Ignore the Crisis at Toronto-Dominion Bank: Buy the Dip

Regardless of the recent scandal, there are signs that Toronto-Dominion Bank (TSX:TD)(NYSE:TD) will continue to perform well over the long term.

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I’m always amazed by how investors react to crisis-driven headlines dripping with sensationalism. The latest to stir panic among investors are claims that Toronto-Dominion Bank (TSX:TD)(NYSE:TD), Canada’s second-largest bank by assets, has acted unethically and, in some cases, illegally in the sale of financial products. There have been admissions from some employees to this effect.

There are now comparisons being drawn between this scandal and the US$185 million scandal that engulfed major U.S. bank Wells Fargo & Co (NYSE:WFC) in September last year.

The allegations have led to Canada’s largest financial services ombudsman to apply greater scrutiny to the industry. This couldn’t come at a worse time for Toronto-Dominion. Like the other major banks, it has been battling to grow its market share in an over-saturated domestic market which is afflicted by minimal growth opportunities as it reels under the impact of weak economic growth.

While the scandal has certainly harmed Toronto-Dominion’s brand and reputation, causing its share price to plunge by almost 5% in recent days, there is no need for investors to panic. As a former banking professional, I expect the long-term damage to be negligible at worst.

Now what?

We only need to turn to Wells Fargo to see that despite the damaging headlines and admissions which caused its stock to plunge to under US$44 per share, it has rallied strongly to be up by 17% over the last year.

I expect a similar outcome for Toronto-Dominion.

Canada’s banks have a history of resilience, bouncing back from any crisis. They weathered the Global Financial Crisis in great shape, and because of Toronto-Dominion’s strengths, it will emerge from this catastrophe as well.

Among the key strengths that will allow the bank to do so is its wide economic moat; in conjunction with the bank operating in a highly regulated and oligopolistic industry, this moat protects the bank from competition, virtually assuring earnings growth.

There are also a number of powerful tailwinds that will drive earnings higher in coming months.

Crucial among them is the increasingly upbeat economic outlook south of the border.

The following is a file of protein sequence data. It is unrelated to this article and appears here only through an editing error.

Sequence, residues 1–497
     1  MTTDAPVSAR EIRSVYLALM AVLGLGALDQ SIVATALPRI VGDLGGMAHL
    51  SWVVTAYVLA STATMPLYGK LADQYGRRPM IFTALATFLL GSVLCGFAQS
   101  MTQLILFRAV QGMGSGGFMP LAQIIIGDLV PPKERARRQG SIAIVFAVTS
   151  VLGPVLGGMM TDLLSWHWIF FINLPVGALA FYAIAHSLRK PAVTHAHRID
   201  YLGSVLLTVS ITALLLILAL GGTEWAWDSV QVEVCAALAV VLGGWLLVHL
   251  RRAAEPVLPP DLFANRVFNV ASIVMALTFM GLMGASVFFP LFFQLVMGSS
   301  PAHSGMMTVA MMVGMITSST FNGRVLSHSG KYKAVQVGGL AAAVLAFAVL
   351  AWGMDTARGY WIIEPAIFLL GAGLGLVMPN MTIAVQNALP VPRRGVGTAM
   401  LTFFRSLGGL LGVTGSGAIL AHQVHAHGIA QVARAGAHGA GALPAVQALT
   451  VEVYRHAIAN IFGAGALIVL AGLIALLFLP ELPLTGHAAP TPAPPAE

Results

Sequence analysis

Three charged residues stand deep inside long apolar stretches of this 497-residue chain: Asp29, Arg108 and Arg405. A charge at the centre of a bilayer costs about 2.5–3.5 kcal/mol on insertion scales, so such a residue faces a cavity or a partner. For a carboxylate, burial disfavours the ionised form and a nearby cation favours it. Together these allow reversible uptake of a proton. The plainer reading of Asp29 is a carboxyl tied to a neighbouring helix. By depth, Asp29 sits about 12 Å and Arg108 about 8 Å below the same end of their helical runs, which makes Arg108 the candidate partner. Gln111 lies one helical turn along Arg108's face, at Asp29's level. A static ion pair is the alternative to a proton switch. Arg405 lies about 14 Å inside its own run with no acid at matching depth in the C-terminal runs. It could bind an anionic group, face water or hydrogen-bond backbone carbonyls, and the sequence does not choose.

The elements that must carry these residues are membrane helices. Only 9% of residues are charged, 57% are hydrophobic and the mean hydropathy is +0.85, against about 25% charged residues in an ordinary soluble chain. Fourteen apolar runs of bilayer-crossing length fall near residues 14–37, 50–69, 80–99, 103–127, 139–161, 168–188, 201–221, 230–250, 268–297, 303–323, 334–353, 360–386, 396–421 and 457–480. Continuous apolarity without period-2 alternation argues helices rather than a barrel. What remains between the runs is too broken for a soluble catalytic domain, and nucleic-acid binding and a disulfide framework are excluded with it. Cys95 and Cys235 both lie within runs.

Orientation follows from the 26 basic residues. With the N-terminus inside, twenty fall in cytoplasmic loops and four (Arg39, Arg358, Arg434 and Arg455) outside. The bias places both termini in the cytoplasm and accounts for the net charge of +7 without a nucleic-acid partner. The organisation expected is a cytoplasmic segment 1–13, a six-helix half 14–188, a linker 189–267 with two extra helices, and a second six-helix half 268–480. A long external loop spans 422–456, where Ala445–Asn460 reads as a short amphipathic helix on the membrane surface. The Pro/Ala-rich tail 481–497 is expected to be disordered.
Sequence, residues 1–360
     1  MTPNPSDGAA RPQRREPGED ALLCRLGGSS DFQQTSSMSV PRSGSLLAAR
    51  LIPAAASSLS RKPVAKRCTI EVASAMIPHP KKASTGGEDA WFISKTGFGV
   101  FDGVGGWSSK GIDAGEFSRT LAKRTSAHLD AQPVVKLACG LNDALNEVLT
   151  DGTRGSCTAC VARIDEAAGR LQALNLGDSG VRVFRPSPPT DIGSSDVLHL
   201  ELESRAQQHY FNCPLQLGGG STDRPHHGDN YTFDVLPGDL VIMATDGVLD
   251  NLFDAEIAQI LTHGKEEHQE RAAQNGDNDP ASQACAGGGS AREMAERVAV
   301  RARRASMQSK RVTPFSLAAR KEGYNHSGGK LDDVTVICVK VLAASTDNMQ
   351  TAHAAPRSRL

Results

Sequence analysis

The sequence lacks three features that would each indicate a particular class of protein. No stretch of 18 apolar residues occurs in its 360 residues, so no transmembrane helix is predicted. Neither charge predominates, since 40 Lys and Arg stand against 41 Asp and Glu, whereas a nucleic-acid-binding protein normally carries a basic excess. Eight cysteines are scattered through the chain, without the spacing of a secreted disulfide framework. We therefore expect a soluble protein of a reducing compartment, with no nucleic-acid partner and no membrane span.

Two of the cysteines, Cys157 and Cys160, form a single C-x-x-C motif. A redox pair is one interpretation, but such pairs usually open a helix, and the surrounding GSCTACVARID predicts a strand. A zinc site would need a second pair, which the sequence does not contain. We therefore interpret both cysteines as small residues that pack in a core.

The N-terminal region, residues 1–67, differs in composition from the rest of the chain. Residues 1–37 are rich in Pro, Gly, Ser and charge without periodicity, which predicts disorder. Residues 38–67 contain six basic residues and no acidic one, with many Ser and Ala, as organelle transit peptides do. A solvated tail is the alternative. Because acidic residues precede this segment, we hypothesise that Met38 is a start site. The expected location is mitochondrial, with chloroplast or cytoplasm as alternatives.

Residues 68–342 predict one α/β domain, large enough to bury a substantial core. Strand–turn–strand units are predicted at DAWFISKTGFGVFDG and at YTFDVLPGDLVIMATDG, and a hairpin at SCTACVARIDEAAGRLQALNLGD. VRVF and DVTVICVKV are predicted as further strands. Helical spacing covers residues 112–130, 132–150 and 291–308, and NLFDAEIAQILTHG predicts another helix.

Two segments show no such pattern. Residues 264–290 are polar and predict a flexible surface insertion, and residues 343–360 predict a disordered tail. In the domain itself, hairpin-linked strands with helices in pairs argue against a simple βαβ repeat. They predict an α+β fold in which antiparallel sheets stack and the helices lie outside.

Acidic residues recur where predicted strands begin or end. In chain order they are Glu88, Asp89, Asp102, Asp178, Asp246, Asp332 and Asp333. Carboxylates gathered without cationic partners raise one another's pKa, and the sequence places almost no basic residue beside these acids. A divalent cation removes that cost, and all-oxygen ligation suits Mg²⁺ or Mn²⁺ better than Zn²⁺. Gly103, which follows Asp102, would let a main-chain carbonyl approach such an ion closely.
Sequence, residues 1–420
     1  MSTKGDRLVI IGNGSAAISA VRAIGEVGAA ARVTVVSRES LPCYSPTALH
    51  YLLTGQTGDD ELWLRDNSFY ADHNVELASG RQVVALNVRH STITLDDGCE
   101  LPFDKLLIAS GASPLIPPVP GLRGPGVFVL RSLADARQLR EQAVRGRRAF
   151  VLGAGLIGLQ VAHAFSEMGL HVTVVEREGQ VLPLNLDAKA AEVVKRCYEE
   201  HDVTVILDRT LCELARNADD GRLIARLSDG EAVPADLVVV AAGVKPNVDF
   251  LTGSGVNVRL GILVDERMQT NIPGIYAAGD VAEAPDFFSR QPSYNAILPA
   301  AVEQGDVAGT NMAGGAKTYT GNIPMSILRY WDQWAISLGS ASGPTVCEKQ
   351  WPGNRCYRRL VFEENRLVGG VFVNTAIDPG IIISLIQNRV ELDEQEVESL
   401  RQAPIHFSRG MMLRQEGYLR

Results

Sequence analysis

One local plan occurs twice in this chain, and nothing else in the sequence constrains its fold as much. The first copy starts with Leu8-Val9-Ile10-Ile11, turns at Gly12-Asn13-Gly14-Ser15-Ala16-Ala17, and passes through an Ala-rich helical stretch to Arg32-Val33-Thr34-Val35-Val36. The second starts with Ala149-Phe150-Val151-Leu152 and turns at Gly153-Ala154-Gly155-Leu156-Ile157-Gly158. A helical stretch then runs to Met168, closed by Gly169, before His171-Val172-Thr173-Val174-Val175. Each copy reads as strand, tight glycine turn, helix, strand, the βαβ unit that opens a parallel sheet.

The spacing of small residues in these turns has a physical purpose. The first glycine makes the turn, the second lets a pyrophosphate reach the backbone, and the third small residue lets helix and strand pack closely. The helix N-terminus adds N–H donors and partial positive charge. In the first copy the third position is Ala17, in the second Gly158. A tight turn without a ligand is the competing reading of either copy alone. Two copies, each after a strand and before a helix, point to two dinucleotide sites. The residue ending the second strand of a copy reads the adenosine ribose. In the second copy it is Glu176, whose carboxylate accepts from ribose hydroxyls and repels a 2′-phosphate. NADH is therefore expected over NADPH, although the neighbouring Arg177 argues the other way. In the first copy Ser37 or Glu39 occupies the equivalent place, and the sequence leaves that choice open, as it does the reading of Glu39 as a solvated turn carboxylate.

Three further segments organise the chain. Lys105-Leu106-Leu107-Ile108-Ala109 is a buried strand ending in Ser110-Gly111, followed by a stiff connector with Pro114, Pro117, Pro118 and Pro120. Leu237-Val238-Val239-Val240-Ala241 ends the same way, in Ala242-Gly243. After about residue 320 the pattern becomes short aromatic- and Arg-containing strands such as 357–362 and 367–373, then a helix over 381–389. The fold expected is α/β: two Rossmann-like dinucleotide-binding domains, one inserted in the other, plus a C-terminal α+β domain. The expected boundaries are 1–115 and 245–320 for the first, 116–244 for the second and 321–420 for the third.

As the 10th largest U.S. bank, Toronto-Dominion is certainly well positioned to benefit from a stronger U.S. economy. U.S. GDP is expected to expand at between 2% and 3% during 2017, which is a solid increase over the 1.9% reported for 2016.

Trump’s plans to reduce regulation in the financial services industry will reduce costs and make it far easier for banks to do business; along with a rate hike, this will boost margins for banks operating in the U.S.

Because Toronto-Dominion’s U.S. retail banking business is responsible for generating almost a third of its net income, each of these factors will give the bank’s bottom line a healthy lift.

Investors would also do well to remember that this issue relates to allegations of miss-selling and questionable conduct; it doesn’t bring into question the quality of Toronto-Dominion’s fundamentals. The bank possesses a high-quality loan book with net impaired loans only representing 0.45% of its total loans.

Furthermore, it remains well capitalized with a common equity tier one capital ratio of almost 13%.

So what?

While such events are certainly unpleasant for investors, the long-term impact will be inconsequential. For the reasons discussed and more, Toronto-Dominion will keep growing, unlocking value for shareholders and rewarding them with regular dividends hikes. Toronto-Dominion yields a tasty 3.5%.

Let’s not forget that since the Global Financial Crisis, when the naysayers were out in force, and Toronto-Dominion’s shares plunged to under $19, its stock has almost quadrupled in value. This highlights that now is the time for investors to take advantage of its weak share price and acquire Toronto-Dominion.

This article represents the opinion of the writer, who may disagree with the “official” recommendation position of a Motley Fool premium service or advisor. We’re Motley! Questioning an investing thesis — even one of our own — helps us all think critically about investing and make decisions that help us become smarter, happier, and richer, so we sometimes publish articles that may not be in line with recommendations, rankings or other content.

Fool contributor Matt Smith has no position in any stocks mentioned.

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